Attorney General James Delivers $150,000 to City of Yonkers School District to Support Homeless Youth

Agreement Resolves Microsoft’s Overcharging of Sales Tax to
Customers Purchasing Xbox Products Online in New York  

NEW YORK – New York Attorney General Letitia James today delivered $150,000 to the City of Yonkers Public Schools district to promote remote learning by homeless students. The funds will provide assistive technology to students, including iPads, laptops, Wi-Fi connectivity, and more. The payment was provided by Microsoft Corporation, as part of an agreement with the Office of the Attorney General (OAG) to resolve the company’s overcharging of sales tax for products being sold on the Xbox website. Prior to a recent fix implemented by Microsoft, some consumers in New York who purchased an Xbox product online — via Microsoft’s website — were charged an incorrect, higher amount of sales tax.

“We are delivering $150,000 to support homeless youth in Yonkers and provide them with the necessary tools to secure the technology they need to continue to remote learn during these unprecedented times,” said Attorney General James. “While Microsoft initially overcharged some customers for sales tax on Xbox products, we were glad to work with the company to swiftly correct this issue for our state’s consumers. No one should be forced to pay more in sales tax than they must, especially as we face a pandemic that has affected so many New Yorkers’ wallets. I look forward to seeing this money put to good use for the children of Yonkers.”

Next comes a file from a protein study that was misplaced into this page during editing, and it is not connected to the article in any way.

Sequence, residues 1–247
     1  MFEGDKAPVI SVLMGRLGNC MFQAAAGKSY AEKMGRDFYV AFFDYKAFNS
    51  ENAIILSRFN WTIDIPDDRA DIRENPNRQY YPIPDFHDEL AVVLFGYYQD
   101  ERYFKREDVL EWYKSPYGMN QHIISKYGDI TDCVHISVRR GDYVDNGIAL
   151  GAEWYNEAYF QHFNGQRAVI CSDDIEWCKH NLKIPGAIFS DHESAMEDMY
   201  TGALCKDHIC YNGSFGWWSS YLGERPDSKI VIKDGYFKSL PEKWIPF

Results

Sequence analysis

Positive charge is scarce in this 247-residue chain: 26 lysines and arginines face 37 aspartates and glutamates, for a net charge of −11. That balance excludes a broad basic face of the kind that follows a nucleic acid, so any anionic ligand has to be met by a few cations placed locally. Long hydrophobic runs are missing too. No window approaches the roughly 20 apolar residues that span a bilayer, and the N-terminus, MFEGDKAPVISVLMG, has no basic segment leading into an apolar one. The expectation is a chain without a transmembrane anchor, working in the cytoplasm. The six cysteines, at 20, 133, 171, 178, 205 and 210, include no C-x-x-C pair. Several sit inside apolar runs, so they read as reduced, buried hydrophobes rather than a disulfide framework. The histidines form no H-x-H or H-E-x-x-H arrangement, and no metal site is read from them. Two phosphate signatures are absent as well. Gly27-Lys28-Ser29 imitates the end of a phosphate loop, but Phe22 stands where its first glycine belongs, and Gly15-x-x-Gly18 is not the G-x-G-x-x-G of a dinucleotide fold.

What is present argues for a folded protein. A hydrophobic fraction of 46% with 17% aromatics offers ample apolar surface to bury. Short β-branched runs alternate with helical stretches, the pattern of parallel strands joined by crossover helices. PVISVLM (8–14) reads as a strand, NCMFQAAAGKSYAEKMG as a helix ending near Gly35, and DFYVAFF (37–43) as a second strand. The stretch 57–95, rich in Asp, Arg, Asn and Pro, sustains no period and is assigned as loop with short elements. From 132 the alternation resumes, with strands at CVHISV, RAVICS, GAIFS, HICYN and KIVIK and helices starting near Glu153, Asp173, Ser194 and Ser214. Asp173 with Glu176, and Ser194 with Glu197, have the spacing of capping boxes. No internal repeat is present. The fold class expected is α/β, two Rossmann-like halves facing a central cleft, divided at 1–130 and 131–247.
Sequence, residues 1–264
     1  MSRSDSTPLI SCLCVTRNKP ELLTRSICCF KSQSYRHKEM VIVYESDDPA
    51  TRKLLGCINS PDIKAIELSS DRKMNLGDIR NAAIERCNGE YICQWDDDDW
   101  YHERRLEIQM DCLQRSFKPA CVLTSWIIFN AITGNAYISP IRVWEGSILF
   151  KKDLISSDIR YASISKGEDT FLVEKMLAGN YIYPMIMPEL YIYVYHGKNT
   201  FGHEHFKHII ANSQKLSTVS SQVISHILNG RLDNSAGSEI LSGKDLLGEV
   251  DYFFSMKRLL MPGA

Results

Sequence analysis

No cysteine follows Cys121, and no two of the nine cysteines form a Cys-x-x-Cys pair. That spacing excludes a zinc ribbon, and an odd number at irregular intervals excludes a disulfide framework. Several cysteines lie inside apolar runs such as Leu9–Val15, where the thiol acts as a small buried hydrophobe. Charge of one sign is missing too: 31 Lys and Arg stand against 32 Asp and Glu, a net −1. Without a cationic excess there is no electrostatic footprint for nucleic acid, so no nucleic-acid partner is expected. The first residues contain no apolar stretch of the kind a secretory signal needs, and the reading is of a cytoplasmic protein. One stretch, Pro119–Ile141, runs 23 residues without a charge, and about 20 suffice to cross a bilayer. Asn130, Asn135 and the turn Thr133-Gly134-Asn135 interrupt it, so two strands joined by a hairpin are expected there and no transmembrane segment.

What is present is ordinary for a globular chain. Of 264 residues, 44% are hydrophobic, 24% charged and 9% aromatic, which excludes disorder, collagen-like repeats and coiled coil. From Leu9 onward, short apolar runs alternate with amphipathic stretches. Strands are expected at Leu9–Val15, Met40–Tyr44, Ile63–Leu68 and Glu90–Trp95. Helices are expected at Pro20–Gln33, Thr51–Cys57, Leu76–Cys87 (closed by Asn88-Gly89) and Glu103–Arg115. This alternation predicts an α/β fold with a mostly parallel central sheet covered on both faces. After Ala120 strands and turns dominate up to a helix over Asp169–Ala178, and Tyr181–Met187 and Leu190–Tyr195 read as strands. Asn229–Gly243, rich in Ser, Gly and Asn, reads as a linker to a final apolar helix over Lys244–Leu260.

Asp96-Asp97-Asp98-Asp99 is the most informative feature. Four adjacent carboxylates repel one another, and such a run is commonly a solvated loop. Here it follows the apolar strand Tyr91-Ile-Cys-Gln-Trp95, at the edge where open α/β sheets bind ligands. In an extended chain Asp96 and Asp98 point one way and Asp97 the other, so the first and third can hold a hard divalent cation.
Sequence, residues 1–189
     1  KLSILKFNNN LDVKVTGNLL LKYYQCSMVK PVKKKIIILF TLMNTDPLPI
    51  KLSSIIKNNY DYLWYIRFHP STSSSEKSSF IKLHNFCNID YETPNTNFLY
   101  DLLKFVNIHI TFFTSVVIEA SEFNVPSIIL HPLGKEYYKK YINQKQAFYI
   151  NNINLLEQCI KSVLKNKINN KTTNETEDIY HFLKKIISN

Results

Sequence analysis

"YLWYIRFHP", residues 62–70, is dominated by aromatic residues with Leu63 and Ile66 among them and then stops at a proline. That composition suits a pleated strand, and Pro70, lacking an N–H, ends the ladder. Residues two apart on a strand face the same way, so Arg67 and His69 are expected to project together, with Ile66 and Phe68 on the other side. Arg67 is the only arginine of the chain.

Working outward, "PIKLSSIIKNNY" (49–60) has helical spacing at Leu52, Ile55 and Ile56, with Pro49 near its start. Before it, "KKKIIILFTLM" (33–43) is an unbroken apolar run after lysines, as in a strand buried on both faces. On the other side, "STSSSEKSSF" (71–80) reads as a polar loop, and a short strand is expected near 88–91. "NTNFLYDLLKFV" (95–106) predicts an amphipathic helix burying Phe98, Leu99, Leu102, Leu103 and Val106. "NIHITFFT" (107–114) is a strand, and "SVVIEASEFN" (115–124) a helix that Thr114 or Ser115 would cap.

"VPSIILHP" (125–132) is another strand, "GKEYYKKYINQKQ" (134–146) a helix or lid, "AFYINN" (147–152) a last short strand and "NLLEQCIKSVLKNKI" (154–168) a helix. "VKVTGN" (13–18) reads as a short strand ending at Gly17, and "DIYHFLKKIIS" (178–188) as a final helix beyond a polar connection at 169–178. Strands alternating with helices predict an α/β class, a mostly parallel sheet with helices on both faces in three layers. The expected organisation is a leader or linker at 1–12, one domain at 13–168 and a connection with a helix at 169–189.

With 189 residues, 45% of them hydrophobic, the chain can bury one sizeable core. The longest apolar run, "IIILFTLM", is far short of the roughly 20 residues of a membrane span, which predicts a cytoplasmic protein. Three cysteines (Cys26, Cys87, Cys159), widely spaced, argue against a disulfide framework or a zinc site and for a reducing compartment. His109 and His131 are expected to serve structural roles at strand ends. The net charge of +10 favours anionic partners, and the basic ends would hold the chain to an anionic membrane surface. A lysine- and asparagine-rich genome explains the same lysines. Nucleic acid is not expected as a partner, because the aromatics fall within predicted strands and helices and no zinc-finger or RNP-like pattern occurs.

Yonkers Pic Release Check

Attorney General James today presents the City of Yonkers Public Schools district
with $150,000 to promote remote learning by homeless students

When consumers purchase a product online, they are asked to enter their zip code as part of the billing address in an effort to determine the amount of sales tax they should be charged in connection with the purchase. Some postal codes within a certain zip code may have different tax rates.

On Microsoft’s website, specifically, consumers are asked to input their entire zip code in addition to their four-digit postal code. However, if a consumer enters their zip code without the four-digit postal code, Microsoft nonetheless processes the transaction. Prior to the recent fix made by Microsoft, if a consumer entered their zip code without the four-digit postal code, Microsoft would charge the highest sales tax within that zip code, leading to an overcharge.

One locality where sales tax overcharges occurred was Bronxville, New York, which shares a zip code with a small portion of Yonkers, New York — where residents pay a higher sales tax rate. 

The total amount of sales tax overcharged by Microsoft to Bronxville consumers was approximately $150,000.

As a result of this agreement, Microsoft has implemented a new procedure for processing orders that addresses this particular issue and charges consumers the correct amount of sales tax.

“The COVID-19 pandemic has forced our schools to do even more with less, and I applaud all our teachers, faculty, and staff,” said State Senate Majority Leader Andrea Stewart-Cousins. “This funding is much needed by the district to better support remote learning for homeless students,